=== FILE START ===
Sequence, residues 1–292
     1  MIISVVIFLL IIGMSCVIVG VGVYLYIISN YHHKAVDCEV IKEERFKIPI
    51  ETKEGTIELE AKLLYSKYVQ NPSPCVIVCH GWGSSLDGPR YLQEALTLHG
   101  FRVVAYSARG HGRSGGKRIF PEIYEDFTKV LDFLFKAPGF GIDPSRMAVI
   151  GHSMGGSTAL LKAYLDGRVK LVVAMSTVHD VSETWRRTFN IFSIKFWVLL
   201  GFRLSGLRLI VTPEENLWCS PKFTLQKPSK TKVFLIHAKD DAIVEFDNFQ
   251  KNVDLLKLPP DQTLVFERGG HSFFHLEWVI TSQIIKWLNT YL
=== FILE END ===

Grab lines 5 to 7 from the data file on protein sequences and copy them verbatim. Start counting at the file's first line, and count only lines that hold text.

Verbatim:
   151  GHSMGGSTAL LKAYLDGRVK LVVAMSTVHD VSETWRRTFN IFSIKFWVLL
   201  GFRLSGLRLI VTPEENLWCS PKFTLQKPSK TKVFLIHAKD DAIVEFDNFQ
   251  KNVDLLKLPP DQTLVFERGG HSFFHLEWVI TSQIIKWLNT YL